Even though vegetarians and vegans are typically thought of as being healthier, there’s lots of benefits to eating good-quality meat. It’s very high in protein, and meat and fish contains lots of healthy fats and micronutrients, which are essential for many of the body’s key functions.
However, with vegetarianism, veganism and a new part-time vegetarian movement called “flexitarianism” on the rise, people are increasingly looking at the health benefits of a plant-based diet. A roundup of several new scientific studies shows a growing number of unexpected benefits found in plant-based diets.
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To start with, one study looking at Americans who participated in the 2011-2014 waves of the National Health and Nutrition Examination Survey studied those who adhered to an all-plant diet. It was found those participants performed better in cognitive tests than meat-eaters, finding an increased correlation between vegetarianism and better memory.
Another study from Canada found low amounts of pulses, nuts, fruit and vegetables in a diet were directly linked to how effectively the participants scored in tests measuring verbal fluency. It seems the greater proportion of fruit and vegetables in your diet, the better your memory and associated verbal skills are, as you are able to recall and use difficult words with increased frequency.
Other studies found plant-based foods’ effect on memory led to a decreased risk of dementia in later life.
What about heart health? A study published in the Journal of the American Medical Association analysed 416,104 men and women in the US, finding higher plant protein intake was associated with a reduction in risk of overall and cardiovascular disease mortality: an 11% lower risk in men and 12% lower risk in women.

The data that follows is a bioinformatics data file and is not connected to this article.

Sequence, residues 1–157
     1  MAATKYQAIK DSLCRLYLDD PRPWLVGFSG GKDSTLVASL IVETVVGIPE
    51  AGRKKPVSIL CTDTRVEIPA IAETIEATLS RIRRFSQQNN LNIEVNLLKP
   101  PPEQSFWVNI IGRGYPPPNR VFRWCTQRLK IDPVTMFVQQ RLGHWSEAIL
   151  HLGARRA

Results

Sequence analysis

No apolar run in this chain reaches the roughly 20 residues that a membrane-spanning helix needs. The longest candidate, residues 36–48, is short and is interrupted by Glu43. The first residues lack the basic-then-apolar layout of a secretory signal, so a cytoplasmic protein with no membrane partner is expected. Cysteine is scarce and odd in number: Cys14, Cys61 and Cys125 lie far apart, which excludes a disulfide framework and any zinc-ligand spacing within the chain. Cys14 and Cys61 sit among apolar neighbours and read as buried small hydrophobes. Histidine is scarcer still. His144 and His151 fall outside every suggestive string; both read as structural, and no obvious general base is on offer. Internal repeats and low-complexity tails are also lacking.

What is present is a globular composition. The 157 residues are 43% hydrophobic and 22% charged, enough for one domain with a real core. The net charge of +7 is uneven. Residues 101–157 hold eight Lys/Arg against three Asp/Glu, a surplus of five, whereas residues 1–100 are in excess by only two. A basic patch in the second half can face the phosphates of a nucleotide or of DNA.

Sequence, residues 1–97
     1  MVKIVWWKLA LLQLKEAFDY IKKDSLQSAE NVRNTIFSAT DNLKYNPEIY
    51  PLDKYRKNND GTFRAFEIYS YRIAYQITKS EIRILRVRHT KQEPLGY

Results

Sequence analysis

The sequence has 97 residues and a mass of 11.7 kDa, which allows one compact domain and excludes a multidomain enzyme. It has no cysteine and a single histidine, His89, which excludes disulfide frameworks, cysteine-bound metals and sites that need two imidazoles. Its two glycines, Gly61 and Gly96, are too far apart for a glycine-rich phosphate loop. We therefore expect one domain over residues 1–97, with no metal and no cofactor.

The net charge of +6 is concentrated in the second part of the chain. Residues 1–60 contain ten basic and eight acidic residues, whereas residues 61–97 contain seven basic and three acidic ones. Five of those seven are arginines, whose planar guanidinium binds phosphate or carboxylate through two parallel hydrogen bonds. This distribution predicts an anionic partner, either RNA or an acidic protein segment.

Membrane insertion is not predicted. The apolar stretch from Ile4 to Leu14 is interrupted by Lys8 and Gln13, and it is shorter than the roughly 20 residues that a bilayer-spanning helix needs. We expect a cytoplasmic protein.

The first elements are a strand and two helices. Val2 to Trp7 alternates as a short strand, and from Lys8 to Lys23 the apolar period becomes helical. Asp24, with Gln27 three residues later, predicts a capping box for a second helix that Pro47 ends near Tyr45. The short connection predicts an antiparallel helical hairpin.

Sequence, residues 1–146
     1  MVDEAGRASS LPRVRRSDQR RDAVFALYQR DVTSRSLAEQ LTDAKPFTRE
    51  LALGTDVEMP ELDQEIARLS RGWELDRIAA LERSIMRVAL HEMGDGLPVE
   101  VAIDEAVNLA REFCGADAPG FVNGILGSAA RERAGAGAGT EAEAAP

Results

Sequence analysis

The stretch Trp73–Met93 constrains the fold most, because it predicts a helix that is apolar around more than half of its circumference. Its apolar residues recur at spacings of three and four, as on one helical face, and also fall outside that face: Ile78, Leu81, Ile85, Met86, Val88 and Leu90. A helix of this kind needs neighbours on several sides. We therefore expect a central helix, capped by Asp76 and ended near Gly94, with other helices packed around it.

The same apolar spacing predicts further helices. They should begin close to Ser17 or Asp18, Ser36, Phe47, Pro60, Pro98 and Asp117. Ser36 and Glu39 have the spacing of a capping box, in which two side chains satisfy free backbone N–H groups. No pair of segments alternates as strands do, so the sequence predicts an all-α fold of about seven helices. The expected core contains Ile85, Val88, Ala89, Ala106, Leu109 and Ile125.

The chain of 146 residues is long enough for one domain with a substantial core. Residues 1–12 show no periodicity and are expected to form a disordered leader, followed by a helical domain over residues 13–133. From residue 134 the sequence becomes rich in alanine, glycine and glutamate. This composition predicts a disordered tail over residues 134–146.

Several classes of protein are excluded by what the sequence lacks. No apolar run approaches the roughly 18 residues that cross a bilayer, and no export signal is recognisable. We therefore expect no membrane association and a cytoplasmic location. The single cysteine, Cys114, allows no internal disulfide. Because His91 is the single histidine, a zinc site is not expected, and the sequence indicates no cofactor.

Other studies discovered plant-based diets have a real impact on heart anatomy, showing positive improvements after switching to vegetarianism.
Finally, we look at kidney health, and the body’s ability to flush harmful substances out of the body. A plant-dominant, low-protein diet was found by researchers from the journal Nutrients to “favorable alterations in the gut microbiome”, limiting the production of harmful substances and further reducing cardiovascular risk.
When taken together, these benefits are undeniably impressive, and we could all do with getting more fruit and vegetables into our diet. However, you don’t have to cut out meat entirely to reap the benefits of eating more fruits and veggies.
“Flexitarianism” is a relatively new term, referring to a diet philosophy of eating vegetable-based dishes only some of the time. The idea is to have meat-free days of the week in which you cook only vegetarian meals, or you abandon processed meat like bacon and sausages in favour of the good stuff, like high-quality chicken breast and steak.
Although these meats are more expensive, if you’re eating less meat overall as a result of your new flexitarian regime, it will come out as the same price per meal (with a bit of careful budgeting).
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Matt Evans is an experienced health and fitness journalist and is currently Fitness and Wellbeing Editor at TechRadar, covering all things exercise and nutrition on Fit&Well's tech-focused sister site. Matt originally discovered exercise through martial arts: he holds a black belt in Karate and remains a keen runner, gym-goer, and infrequent yogi. His top fitness tip? Stretch.
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